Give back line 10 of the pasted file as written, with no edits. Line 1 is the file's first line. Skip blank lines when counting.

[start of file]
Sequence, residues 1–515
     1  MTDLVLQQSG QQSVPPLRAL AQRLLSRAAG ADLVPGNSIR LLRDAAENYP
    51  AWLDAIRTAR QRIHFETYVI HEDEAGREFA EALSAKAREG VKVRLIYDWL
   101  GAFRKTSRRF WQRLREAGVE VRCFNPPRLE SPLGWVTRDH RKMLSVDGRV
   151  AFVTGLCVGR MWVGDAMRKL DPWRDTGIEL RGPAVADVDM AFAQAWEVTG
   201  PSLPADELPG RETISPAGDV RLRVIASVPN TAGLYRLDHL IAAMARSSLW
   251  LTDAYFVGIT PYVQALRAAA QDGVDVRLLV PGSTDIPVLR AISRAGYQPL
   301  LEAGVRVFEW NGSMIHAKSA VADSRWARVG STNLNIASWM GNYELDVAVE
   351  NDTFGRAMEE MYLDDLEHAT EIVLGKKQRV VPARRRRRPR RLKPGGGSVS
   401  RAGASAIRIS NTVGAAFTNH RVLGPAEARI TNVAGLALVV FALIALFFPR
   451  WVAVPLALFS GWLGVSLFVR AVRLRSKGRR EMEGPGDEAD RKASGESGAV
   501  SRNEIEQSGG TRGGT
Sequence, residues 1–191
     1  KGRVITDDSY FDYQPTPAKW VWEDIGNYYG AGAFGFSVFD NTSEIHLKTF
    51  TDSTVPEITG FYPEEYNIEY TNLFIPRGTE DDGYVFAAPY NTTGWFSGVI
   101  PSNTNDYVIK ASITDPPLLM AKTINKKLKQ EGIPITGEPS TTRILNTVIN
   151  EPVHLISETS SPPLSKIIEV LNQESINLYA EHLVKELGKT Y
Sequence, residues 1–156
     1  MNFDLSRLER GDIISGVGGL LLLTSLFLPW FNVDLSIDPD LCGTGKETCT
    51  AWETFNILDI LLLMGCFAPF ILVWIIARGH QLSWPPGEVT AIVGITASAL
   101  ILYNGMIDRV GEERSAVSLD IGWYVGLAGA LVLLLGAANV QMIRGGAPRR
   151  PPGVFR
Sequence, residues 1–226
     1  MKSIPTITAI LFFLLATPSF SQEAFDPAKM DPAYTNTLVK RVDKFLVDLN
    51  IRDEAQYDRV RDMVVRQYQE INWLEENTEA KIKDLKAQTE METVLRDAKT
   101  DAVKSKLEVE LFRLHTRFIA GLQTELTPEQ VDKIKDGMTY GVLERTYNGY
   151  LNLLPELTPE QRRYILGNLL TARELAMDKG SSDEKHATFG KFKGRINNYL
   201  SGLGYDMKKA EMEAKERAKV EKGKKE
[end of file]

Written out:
   401  RAGASAIRIS NTVGAAFTNH RVLGPAEARI TNVAGLALVV FALIALFFPR